This morning I got out the hand-written drafts of four different poems written in the past few months, to type and save on my computer. (How disappointing they looked without the original excitement that accompanied their inception!)
Reading through them I could see where they were influenced by my reading of Zbigniew Herbert at the time. Two were even unpunctuated and one was attempting an overt play of philosophical ideas which is pretty alien to my usual way of writing.
Transferring them to hard drive, I started to make some changes and realised they were now beginning to look and sound more like something by Donald Hall whose selected poems I've been reading for a fortnight and finished just yesterday.
The influence is probably less apparent to someone else, but it reminded me just how strongly newly-written poems can be shaped by poems that already exist.
The solitary nature of writing can encourage one to imagine that poems are created in a vacuum. In reality, a very meaningful tacit exchange takes place, sometimes across continents and centuries, between poets and poems. Even the most individual and original poem sets out from and ultimately furthers a tradition of other poems.
Viewed this way, each 'new' poem could be seen as another stanza in the poem/s that preceded and influenced it; and all of the discretely titled poems ever written, sections in the epic of Poetry.
As such, it is amusing to look back to my teens when teachers and older poets would talk about finding 'your own voice', as if each of us has this unique completed vocal aptitude waiting to be uncovered. Linguistic theory doesn't support this view of language. Rather we constantly acquire and reinterpret what we hear around us. The better advice would be to forget about finding a non-existent Voice and concentrate on absorbing as many voices of other poets as possible.
The very personal space I inhabit when writing a poem, and which I imagine is somehow most profoundly me, may well be a misinterpretation, and instead be a way of being that finds me connected fundamentally to other people. Perhaps it would be better to say that the act transcends the Other. This is why it can feel like such a sustaining activity and not at all lonely despite the long hours alone.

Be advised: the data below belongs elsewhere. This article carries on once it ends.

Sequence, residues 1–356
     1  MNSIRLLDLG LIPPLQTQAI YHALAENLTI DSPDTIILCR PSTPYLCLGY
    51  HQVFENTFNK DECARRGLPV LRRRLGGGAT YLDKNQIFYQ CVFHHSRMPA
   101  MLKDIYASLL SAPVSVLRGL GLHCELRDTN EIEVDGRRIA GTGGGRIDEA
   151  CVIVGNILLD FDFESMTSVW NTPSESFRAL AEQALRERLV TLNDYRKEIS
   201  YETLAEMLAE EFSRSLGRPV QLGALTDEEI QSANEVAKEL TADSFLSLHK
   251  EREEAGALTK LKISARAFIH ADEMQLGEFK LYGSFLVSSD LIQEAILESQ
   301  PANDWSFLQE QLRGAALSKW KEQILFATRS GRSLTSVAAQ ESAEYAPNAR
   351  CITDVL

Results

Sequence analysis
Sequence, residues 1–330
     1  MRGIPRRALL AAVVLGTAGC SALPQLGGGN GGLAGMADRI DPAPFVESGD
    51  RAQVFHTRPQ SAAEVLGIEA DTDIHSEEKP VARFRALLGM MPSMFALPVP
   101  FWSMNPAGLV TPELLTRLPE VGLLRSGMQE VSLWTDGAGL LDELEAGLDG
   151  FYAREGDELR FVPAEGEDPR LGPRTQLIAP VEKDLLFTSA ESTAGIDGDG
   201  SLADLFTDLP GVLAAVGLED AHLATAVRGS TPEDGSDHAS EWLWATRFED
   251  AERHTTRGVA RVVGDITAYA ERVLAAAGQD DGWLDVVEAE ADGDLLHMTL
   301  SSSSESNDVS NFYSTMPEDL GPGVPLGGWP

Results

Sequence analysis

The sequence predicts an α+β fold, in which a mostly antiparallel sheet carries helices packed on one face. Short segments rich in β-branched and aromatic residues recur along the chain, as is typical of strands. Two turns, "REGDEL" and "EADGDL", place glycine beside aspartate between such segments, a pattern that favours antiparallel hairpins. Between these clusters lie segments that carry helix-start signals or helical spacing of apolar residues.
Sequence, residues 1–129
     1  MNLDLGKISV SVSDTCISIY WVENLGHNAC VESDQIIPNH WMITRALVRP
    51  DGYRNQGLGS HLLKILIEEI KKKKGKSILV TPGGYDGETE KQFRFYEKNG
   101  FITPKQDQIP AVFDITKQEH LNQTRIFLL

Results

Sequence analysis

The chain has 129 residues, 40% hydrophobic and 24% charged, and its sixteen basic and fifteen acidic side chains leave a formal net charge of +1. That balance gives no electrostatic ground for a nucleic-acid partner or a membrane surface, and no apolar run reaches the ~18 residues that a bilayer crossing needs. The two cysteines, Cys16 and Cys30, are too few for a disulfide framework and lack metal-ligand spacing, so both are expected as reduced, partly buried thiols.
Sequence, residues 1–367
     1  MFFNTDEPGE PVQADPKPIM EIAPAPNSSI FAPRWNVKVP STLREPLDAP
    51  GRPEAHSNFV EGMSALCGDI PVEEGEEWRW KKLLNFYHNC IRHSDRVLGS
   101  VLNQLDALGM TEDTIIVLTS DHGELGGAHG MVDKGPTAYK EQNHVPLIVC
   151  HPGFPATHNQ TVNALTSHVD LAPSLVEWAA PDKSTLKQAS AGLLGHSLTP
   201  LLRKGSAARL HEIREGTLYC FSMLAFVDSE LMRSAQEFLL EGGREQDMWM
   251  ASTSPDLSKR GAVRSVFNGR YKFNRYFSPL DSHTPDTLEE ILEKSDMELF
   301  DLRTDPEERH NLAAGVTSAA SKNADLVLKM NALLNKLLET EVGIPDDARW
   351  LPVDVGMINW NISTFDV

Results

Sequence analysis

I guess I'm not alone in sometimes coming across something in a poem by someone else that I've also thought of writing or have actually already attempted. Likewise, in re-reading other poets I sometimes come across lines or cadences that I recognise as being the catalyst for poems that I eventually wrote and whose origins were quickly forgotten.
This is okay. Acknowledgement of influence honours a profound human bond. Anxiety over influence occurs when the poet feels the need to deny those bonds and imagines that his/her work somehow exists entirely separately from other work.
In this respect there are some interesting parallels between counselling and Buddhism. Buddhism takes as an unhelpful illusion the idea of a separate ego. It does not accept the idea of a separate mental entity acting entirely independently. Poetry - or any creative undertaking - is an expression of interconnectedness; of the Mind of which we all partake.
In a way that is far simpler to understand, counselling identifies inadequate interpersonal relationships as a major contributing factor to poor mental health. Contrariwise, the working through of those difficulties and the improvement of meaningful interpersonal relationships is viewed as an important factor on the way to improving mental health.
Given what I have said, reading Herbert or Hall or any poet for that matter can contribute significantly to our overall well-being.